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Illinois abortion providers call for statewide protections against harassment at clinics

An anti-abortion sign sits outside the Planned Parenthood of the St. Louis Region and Southwest Missouri’s clinic on Wednesday, Aug. 31, 2022, in Fairview Heights. The center is one of two places a person can receive abortion care in the Metro East.
Brian Munoz
St. Louis Public Radio
An anti-abortion sign sits outside the Planned Parenthood of the St. Louis Region and Southwest Missouri’s clinic in August 2022 in Fairview Heights. Providers in the Metro East say they want state laws that would protect them from protesters who harass or intimidate patients and workers.

Updated at 5:40 p.m. Feb. 6 with comments from Coalition Life

Citing an increase in harassment and intimidation from anti-abortion protesters, abortion providers in Illinois on Tuesday implored state legislators to pass laws to protect clinics and their workers.

Abortion providers said such incidents have increased in the state since the U.S. Supreme Court in 2022 overturned Roe v. Wade, which protected access to abortion nationwide. As Missouri and other states quickly outlawed the procedure following the decision, protests have increased at clinics in states that protect abortion access, speakers said during a roundtable discussion in Springfield, Illinois.

“The patchwork solutions of local ordinances and individual security is just not sustainable,” said Michele Landeau, chief operating officer of the Hope Clinic in Granite City. “It shouldn’t matter what city you’re in or which police respond to the call — we need a statewide solution.”

State Rep. Mary Beth Canty of Arlington Heights and state Sen. Adriane Johnson of Buffalo Grove, both Democrats, attended the roundtable along with Landeau, Planned Parenthood of the St. Louis Region and Southwest Missouri President Yamelsie Rodriguez and Jennifer Welch, president of Planned Parenthood Illinois Action. People who escort patients into the clinics also attended.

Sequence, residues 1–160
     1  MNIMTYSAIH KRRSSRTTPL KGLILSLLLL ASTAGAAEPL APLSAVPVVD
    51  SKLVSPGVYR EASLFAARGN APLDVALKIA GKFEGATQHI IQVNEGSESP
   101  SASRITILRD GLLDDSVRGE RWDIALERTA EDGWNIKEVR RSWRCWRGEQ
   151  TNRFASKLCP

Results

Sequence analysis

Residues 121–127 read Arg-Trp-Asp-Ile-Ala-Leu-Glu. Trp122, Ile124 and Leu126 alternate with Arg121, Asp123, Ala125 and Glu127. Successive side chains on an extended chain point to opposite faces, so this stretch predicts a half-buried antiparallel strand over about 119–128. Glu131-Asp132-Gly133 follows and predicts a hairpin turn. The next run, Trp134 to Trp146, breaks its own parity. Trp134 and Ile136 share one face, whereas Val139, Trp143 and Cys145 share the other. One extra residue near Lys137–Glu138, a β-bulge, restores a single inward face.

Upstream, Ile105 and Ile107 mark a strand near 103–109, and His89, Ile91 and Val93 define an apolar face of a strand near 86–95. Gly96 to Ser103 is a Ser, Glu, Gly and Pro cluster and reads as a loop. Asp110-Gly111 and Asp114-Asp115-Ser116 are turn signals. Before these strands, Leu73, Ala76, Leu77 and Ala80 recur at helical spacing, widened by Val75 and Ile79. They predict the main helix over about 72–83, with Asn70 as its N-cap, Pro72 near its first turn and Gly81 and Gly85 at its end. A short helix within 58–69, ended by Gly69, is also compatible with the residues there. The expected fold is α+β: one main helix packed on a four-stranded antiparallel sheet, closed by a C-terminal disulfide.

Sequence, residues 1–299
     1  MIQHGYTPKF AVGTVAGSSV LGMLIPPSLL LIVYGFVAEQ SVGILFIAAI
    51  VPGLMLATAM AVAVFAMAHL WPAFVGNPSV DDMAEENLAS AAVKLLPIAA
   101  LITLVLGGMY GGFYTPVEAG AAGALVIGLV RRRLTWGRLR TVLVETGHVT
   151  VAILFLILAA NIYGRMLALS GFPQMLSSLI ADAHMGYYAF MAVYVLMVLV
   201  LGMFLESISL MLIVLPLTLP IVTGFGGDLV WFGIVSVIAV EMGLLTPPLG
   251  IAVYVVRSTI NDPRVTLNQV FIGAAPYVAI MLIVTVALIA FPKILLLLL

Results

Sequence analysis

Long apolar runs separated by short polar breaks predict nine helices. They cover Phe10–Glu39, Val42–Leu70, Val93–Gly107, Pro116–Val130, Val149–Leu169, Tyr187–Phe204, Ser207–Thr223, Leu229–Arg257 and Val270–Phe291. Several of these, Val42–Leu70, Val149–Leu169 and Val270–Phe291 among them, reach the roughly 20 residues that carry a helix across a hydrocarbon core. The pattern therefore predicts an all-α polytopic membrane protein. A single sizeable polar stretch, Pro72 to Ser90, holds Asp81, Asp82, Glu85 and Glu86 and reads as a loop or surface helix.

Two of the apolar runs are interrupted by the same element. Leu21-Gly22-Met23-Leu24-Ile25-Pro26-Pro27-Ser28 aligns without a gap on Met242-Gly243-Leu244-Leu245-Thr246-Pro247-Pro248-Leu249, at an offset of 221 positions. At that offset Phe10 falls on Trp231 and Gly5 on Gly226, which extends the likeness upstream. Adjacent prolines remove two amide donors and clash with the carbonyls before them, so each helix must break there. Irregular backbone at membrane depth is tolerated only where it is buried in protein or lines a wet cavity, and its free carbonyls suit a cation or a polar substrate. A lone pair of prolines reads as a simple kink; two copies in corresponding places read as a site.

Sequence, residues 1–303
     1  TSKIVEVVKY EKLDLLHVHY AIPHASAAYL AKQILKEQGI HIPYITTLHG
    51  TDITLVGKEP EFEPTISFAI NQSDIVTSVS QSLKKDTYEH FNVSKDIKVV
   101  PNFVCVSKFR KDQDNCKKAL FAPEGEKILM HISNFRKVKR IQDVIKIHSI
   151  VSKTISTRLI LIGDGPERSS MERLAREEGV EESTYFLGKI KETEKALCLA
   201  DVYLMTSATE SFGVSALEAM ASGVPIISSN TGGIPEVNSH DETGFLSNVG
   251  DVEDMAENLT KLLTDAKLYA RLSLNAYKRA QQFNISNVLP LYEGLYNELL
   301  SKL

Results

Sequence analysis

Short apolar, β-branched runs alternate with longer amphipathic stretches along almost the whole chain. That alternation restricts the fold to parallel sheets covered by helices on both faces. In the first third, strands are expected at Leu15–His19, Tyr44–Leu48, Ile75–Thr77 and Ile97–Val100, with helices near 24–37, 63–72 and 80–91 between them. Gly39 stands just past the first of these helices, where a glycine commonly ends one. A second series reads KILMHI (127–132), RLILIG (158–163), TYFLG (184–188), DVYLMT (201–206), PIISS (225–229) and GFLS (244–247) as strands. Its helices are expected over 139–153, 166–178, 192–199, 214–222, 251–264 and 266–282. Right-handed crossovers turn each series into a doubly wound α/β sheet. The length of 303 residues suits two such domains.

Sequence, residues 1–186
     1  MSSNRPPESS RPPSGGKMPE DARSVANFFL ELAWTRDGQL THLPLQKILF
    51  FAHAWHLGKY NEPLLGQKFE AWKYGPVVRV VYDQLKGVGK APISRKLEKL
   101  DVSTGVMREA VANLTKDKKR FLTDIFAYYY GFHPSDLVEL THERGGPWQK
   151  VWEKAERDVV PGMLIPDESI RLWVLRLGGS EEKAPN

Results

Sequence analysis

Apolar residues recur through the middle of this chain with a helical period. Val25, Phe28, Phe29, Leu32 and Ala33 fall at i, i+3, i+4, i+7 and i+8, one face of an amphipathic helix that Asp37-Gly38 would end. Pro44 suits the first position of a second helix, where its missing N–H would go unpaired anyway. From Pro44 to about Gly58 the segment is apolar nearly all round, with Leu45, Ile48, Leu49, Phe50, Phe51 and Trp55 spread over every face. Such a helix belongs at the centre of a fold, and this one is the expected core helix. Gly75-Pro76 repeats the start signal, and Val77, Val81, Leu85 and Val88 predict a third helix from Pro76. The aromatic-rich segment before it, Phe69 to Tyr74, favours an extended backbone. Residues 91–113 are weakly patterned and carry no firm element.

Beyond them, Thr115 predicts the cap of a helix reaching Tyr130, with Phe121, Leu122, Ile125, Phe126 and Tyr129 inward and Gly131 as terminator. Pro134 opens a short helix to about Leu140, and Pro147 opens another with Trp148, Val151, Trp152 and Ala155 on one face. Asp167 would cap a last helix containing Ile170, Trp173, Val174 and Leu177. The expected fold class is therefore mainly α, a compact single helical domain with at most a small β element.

According to the National Abortion Federation, which advocates for abortion rights, incidences of stalking, death threats and invasions at clinics increased between 2021 and 2022, when the Supreme Court overturned the landmark decision. Obstruction — in which protesters try to block patients from getting to a clinic — has increased in states that offer abortion protections, the report said.

Picketing was by far the most common anti-abortion protest activity, according to the group’s report, published in May 2023. Although picketing decreased slightly throughout the nation, it increased 21% in states that offered protections. Stalking, obstructions and bomb threats increased in protected states.

Clinic escorts who help patients navigate through clinic parking lots described protesters jeering at and targeting patients.

“Patients get called out by some article of clothing,” said Carolyn Kopel, a clinic escort from Springfield. “For example, ‘You in the red sweatshirt! You in the yellow, with the rainbow stickers on your bumper!’ They feel very personally identified and attacked in a very personal way.”

“It can be very frustrating when they hear those folks call out to them and say very negative things,” said Patti Pace-Halprin, another clinic escort. “It can be very worrisome to them and fearful, and makes them very frightened.”

Clinic escorts should not be necessary at health centers, said Planned Parenthood officials. The federal FACE Act prohibits protesters from making physical threats and obstructing access to abortion clinics. Other local governments have enacted laws that create buffer zones between protesters and patients.

In Chicago and Carbondale, “bubble laws” prohibit protesters from approaching patients as they walk to clinics. The Thomas More Society is suing the City of Carbondale on behalf of the anti-abortion group Coalition Life, with the hope of overturning the law.

Representatives from the group have said the law is unconstitutional and was made despite there being no evidence of illegal activity around clinics.

“What we have is the federal constitution, which clearly outlines the public’s rights and the freedom to handbill, the freedom to have both religious rights and freedom of speech,” said Coalition Life Founder and Executive Director Brian Westbrook. “The federal documents have already clearly articulated we have a right to be there.”

He said he has not seen violence from anti-abortion activists in downstate Illinois and that such a statewide law would violate protesters’ freedom of expression.

“I think it’s really important to realize the First Amendment to free speech doesn’t stop simply by the methodology that’s being used to communicate a certain message,” Westbrook said.

Kansas, Wisconsin and other states have enacted laws similar to the federal FACE law that prohibit blocking the entrance to abortion clinics, according to the Guttmacher Institute.

“The security of our patients and our staff is in the forefront of our mind every single day,” Landeau said. “We're always paying attention and making sure everyone can get the health care they need regardless of how far they need to travel.”

Sarah Fentem is the health reporter at St. Louis Public Radio.